The move from ‘cloud-first’ to ‘data-first’

Has the public sector been too focused cloud as a destination, meaning it has failed to leverage data as a strategic asset? The experts at Think Data for Government weigh in.

Posted 23 May 2023 by Christine Horton

It could be argued that digital transformation became synonymous with cloud adoption over the last decade. But has this led the public sector to be too focused on cloud as a destination while failing to leverage data as a strategic asset?

It was a topic under discussion at the recent Think Data for Government event.  There is still work to be done when it comes to realising the value of data, according to the panel of experts (pictured).

“The really important thing about data is data infrastructure,” said Lisa Allen, director of data and tech services, Open Data Institute. “It’s not just about the data itself, but it’s about the policies and processes and the people and the technology that supports it, and making sure that you can have access to that right data.”

Allen also said when she was working for the Environment Agency, she realised the important of joined-up data with others in the different groups. “If you think about how it works, the data needs to join up across government. You need to be able to design the data to stack across government departments, make sure they all fit in together. So, making sure that each department is playing to the strongest and how you join that all up together will make things a lot simpler, and you’ll get better quality data.”

Charlie Boundy, head of advanced analytics at the Department for Work and Pensions (DWP) detailed the organisation’s own efforts migrating its applications and data into the cloud. He believes cloud and data are now in parallel to one another.

“That [migration to the cloud] been a massive step forward for us to say it’s in close proximity to each other. It moves us much more from a bulk moving of data around between different hosting providers, to much more of a proximity of services, learning from each other, getting the feedback and being able to put data back into your services. We’re trying to make sure we understand what feedback we’re getting; we’re trying to be inclusive in our services. It’s been really, important to have something like cloud to enable that, and not just data swamp where we just gather more data.”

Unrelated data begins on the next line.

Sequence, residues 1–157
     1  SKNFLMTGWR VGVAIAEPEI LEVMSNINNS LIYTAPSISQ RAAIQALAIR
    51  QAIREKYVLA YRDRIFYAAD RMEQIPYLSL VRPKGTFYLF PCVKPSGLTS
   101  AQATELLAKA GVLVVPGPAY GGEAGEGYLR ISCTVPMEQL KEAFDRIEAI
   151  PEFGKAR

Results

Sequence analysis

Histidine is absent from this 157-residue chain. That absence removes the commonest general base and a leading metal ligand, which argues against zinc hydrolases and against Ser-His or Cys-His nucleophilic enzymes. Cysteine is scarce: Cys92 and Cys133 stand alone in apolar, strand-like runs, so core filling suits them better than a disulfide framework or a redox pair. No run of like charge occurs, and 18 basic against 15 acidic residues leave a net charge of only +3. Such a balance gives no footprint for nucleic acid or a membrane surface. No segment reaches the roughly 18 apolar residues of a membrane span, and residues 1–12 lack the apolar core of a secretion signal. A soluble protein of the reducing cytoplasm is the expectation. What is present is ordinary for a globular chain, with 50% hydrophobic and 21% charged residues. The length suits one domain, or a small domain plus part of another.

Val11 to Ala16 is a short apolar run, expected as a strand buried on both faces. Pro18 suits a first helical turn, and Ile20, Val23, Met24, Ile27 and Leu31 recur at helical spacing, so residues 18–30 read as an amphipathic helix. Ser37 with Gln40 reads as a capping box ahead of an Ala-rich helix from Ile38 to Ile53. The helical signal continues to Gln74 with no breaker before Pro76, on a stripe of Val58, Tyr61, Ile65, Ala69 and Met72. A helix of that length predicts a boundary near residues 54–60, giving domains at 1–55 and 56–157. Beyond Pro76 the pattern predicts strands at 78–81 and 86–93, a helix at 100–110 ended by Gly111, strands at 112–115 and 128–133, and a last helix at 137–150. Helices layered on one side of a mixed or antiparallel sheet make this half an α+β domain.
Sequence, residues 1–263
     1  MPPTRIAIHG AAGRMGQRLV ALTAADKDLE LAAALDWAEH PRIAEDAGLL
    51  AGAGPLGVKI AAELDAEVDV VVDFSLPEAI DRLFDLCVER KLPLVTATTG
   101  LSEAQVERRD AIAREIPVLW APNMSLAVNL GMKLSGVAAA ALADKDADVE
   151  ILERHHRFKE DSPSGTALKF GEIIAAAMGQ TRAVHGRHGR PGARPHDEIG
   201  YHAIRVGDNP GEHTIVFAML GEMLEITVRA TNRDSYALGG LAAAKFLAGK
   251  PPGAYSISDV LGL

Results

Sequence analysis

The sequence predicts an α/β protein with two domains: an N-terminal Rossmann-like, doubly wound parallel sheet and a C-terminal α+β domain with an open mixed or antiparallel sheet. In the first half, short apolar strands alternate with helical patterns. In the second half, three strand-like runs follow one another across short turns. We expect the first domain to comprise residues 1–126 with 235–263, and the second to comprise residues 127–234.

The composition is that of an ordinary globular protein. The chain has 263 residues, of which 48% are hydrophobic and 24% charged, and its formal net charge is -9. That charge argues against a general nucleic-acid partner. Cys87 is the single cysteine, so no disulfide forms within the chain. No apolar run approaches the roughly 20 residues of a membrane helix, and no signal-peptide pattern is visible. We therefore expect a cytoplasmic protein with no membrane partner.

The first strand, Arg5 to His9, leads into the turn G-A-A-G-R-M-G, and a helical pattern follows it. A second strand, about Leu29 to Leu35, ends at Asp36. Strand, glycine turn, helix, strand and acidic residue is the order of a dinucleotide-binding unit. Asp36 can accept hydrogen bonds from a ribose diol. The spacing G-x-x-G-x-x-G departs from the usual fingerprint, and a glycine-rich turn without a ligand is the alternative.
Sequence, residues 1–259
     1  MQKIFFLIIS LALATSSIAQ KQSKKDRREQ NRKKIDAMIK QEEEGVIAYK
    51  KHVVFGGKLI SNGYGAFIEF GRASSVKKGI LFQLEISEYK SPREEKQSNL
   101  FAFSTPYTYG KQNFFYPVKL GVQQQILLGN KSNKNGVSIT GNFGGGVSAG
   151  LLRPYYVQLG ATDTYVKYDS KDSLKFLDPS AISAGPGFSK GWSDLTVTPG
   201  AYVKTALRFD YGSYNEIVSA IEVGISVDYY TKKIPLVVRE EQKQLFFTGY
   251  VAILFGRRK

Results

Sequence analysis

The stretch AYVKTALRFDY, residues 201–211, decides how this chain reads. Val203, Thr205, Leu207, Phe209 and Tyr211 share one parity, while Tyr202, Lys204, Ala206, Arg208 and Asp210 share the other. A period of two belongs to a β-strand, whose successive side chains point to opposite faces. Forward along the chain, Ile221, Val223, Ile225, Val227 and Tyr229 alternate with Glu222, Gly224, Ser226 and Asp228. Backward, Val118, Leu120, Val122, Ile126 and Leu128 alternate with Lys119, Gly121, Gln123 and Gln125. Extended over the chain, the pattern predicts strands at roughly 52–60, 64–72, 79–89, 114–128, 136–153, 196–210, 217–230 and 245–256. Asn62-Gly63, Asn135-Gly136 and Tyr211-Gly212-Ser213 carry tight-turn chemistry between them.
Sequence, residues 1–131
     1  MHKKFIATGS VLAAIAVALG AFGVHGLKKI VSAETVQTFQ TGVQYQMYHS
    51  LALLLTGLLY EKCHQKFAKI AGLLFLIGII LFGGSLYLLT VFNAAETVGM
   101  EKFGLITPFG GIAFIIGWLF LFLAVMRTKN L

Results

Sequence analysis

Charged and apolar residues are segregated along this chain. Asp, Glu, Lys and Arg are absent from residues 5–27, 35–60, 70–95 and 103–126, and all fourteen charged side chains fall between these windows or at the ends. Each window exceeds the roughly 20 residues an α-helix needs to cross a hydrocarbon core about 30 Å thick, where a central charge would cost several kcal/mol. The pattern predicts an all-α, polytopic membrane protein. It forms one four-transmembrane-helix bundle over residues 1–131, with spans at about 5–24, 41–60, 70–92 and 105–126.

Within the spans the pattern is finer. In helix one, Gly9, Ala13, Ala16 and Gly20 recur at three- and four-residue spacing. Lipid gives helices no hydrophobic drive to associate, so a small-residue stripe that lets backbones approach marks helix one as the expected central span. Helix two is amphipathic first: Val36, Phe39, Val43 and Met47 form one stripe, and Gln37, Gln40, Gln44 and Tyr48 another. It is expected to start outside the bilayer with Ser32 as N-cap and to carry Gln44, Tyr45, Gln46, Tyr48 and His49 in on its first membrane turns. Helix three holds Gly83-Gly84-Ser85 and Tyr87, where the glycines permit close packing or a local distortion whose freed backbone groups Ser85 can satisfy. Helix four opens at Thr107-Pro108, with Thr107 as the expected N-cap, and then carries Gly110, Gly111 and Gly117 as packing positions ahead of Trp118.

Data-first modernisation

As an technology vendor, Hewlett Packard Enterprise (HPE) has been a vocal critic of the government’s cloud-first policy, arguing that public cloud is not always the most efficient destination for workloads and data. Instead, it advocates for a hybrid cloud approach. Russell Macdonald, HPE’s chief technologist, public sector and hybrid cloud, said organisations should adopt a data-first modernisation approach.

“It considers where data needs to be, rather than being obsessed with putting it in one place and then putting analytics over the top. Do you need to bring the analytics to the data? And there’s lots more need for real time analytics and inference at the edge. You’ll be able to make course corrections to how services are being delivered, rather than that kind of hindsight review of analytics that perhaps we were used to before.

“But there are clearly challenges, having a disparate environment: multicloud, on premise and public cloud and so on. You’ve got to work with the right providers that can help you navigate that complexity and have the right platform so that you can apply the analytics in that complex environment.”

Bundy countered that in “an ideal world we wouldn’t have on premise. It’s very hard if you’re doing anything with data analytics to do a whole lot of work to try and make on premise look like cloud.”

However, he said the reality is that the hybrid model will exist for the foreseeable future. “There is loads of data in Google and Google Cloud, there is loads of stuff that a lot of us have in Microsoft, Teams-based based ways of working, a lot of applications on AWS. And then stuff that we’re still really sensitive about which we keep on premise. The reality is we need to try and make all of that interoperable. And that’s just what we have to, as government, push the cloud providers as well and say, this is what we want. We’re not going to put all our eggs in one basket.”

If you didn’t get a chance to attend the conference and watch this session live you can still register to view this and all the other recorded sessions. Please register here.